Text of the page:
Only the head had been buried in the former salt marsh by whoever harvested these pilot whales. The rest of the carcass was missing. My intuition tells me that additional skulls have been buried in this peat field and will become exposed in the days ahead.
Excavated Pilot Whale Skull
Pilot whales, called blackfish by native Cape Codders, have stranded in Wellfleet Bay over the centuries. In ancient times, these strandings were more frequent and more massive, likely because pilot whale populations were equally larger. Unlike today, a pilot whale stranding was seen by the community as a bounty from God rather than a natural disaster. Subsistence level coastal whaling, practiced on Cape Cod for centuries before and after the arrival of Europeans, consisted first of passively exploiting pilot whale strandings and then more actively of driving blackfish into the shallows to strand. The animals were harvested and tried (rendering out the oil) on the shoreline. Try island on the Wellfleet Bay Wildlife Sanctuary is named for this historic activity. Carcasses, especially the skulls, were buried or sunken after trying in the abutting, oozy salt marsh.
1902 Pilot Whale (Blackfish) Stranding on Cape Cod Beach
The photograph above illustrates a “bountious” mass stranding on the shores of Cape Cod in 1902. Life on the Outer Cape is hard, and before the days of summer tourists, cell phones and the internet, life was a lot harder. The serendipitous stranding of 50 or 100 pilot whales offered the entire community a path to instant prosperity or at least winter survivability.
2002 Pilot Whale (Blackfish) Stranding off Lieutenant Island
One hundred years later, in 2002, I had the unique and unpleasant opportunity to be the sole eye witness to a mass standing of pilot whales off Lieutenant Island at six in the morning one late July day. The story of that stranding is posted on the Turtle Journal site under the title Two Unforgettable Days and a video clip of my kayak paddle to the scene of the stranding can be viewed under Eye Witness to Mass Stranding.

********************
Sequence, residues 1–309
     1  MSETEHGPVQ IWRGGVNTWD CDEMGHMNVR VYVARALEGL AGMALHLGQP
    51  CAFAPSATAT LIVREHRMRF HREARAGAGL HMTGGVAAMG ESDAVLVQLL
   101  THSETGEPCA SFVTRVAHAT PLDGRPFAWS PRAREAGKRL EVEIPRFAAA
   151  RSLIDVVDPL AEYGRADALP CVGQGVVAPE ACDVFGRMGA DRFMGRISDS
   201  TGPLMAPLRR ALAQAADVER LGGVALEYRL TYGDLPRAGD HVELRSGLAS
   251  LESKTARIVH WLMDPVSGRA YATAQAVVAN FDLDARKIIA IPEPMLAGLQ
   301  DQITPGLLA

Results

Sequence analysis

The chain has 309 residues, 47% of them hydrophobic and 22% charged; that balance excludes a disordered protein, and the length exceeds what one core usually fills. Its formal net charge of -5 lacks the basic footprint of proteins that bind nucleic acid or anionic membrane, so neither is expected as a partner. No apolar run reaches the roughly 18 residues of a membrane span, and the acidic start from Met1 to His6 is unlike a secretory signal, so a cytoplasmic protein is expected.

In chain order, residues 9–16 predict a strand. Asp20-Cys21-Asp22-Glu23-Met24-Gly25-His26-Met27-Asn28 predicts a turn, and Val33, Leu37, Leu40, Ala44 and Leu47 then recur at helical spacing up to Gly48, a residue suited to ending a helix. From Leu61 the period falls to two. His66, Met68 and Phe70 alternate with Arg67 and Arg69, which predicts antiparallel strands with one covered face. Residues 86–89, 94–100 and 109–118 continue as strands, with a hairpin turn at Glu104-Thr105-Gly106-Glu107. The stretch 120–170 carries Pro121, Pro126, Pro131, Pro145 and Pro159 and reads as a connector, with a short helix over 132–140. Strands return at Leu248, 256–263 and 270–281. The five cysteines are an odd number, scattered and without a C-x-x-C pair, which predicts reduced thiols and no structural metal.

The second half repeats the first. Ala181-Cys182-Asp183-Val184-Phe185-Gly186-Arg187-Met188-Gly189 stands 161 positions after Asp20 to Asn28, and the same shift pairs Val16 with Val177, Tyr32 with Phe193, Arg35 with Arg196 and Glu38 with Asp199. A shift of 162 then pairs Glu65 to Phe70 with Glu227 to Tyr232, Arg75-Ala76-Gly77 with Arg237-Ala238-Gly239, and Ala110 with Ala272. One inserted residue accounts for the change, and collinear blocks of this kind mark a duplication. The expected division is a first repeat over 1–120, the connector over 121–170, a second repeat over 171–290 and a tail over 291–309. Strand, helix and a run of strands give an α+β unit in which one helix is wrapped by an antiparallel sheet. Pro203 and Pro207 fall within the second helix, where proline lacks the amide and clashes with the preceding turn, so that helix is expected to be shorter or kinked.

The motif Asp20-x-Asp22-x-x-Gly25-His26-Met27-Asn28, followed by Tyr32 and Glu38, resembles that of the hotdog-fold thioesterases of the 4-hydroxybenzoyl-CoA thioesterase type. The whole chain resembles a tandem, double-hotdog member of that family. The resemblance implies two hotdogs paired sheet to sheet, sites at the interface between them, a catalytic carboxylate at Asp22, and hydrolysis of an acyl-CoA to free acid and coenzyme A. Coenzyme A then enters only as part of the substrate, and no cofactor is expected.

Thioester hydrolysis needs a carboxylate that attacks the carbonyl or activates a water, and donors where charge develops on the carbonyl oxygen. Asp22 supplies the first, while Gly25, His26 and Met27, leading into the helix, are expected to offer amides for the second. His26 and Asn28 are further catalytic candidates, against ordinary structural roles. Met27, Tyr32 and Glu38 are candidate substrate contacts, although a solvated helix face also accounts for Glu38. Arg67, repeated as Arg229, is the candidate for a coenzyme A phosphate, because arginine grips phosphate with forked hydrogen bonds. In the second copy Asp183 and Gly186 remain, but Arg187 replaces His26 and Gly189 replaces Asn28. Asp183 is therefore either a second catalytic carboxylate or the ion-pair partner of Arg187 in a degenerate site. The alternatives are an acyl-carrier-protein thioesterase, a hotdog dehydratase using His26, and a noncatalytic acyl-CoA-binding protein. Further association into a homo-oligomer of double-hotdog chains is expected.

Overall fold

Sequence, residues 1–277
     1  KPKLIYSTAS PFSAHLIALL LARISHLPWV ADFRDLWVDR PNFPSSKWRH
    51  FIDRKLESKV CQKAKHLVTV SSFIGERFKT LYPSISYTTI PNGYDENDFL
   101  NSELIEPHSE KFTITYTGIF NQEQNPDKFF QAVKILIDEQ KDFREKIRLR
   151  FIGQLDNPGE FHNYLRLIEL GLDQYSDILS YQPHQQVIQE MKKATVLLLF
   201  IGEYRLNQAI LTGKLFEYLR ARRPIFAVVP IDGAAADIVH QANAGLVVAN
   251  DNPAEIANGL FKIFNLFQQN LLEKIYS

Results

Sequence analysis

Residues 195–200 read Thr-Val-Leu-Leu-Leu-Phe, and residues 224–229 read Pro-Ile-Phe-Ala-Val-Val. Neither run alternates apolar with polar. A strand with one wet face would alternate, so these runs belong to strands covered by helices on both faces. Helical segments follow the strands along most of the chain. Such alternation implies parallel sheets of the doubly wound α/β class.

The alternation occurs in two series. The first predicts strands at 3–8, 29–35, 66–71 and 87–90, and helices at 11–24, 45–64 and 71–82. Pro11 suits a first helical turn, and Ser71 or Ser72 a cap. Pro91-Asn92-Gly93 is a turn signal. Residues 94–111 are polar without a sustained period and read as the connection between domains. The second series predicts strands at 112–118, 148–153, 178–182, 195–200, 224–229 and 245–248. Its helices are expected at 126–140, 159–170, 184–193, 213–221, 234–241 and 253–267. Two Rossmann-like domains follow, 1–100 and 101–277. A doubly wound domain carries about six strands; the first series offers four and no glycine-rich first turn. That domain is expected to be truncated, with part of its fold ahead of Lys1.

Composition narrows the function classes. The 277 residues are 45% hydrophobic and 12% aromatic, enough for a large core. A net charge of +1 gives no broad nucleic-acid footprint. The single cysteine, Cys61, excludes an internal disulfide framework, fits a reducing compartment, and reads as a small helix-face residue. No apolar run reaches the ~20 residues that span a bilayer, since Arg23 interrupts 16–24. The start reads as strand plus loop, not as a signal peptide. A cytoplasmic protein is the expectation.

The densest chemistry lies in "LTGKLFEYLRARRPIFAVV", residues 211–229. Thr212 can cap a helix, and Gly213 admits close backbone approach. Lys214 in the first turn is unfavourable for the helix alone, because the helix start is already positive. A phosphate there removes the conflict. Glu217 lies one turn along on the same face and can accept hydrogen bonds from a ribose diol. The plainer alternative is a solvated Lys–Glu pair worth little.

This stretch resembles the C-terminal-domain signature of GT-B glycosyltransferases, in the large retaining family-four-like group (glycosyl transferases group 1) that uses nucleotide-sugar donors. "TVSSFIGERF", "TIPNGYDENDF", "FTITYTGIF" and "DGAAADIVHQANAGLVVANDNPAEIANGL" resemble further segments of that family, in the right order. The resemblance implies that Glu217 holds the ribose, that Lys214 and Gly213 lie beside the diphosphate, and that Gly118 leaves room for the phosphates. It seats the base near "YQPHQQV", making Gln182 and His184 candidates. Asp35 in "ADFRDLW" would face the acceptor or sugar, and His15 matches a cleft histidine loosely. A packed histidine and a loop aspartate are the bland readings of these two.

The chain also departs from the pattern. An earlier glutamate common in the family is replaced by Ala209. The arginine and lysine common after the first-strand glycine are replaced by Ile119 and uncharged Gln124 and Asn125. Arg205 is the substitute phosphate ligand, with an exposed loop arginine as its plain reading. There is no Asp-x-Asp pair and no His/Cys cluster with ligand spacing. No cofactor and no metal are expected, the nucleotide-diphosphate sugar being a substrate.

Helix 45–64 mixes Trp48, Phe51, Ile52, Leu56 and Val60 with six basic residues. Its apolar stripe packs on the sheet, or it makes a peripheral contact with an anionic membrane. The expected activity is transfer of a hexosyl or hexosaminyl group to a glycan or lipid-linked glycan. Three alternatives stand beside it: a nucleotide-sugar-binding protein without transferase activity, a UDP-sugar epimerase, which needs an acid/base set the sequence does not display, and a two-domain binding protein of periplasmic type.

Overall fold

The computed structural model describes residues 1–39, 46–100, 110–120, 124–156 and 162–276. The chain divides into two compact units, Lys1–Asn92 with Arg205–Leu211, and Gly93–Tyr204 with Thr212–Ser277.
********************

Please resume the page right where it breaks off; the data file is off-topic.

1893 Map of Wellfleet Bay
This map of Wellfleet Bay from 1893 shows Lieutenant Island, then sometimes called Horse Island. (ASIDE: Yes, I can see the head of the horse on the top right, now called the Hook. The feet are found at the bottom right, now Turtle Point, and bottom left, the southwest beach.) Above (north and east) of Lieutenant Island is Blackfish Creek that earned its name because of pilot whale strandings. The 2002 blackfish stranding occurred south and east of Lieutenant Island, in a body of water called the Run. I found the buried pilot whale skull on the southwest beach in an area that had once been a protected salt marsh, but is now submerged in the inter-tidal zone. (SECOND ASIDE: In 1893, salt marshes on the north of Wellfleet Bay had not yet been destroyed by construction of the dike blocking the Herring River and the commercial dock and harbor. Terrapins would have LOVED ancient Wellfleet!)
Another Exposed, Partially Fossilized Pilot Whale Bone
About 50 feet south of the spot where I found the first exposed, partially fossilized bone, I encountered another exposed bone. I did not excavate this bone to discover what might lie below. I suspect there will be additional sightings in the next few weeks in this former salt marsh peat field. Once spring arrives and summer beaches return, these exposed bones will likely disappear once again.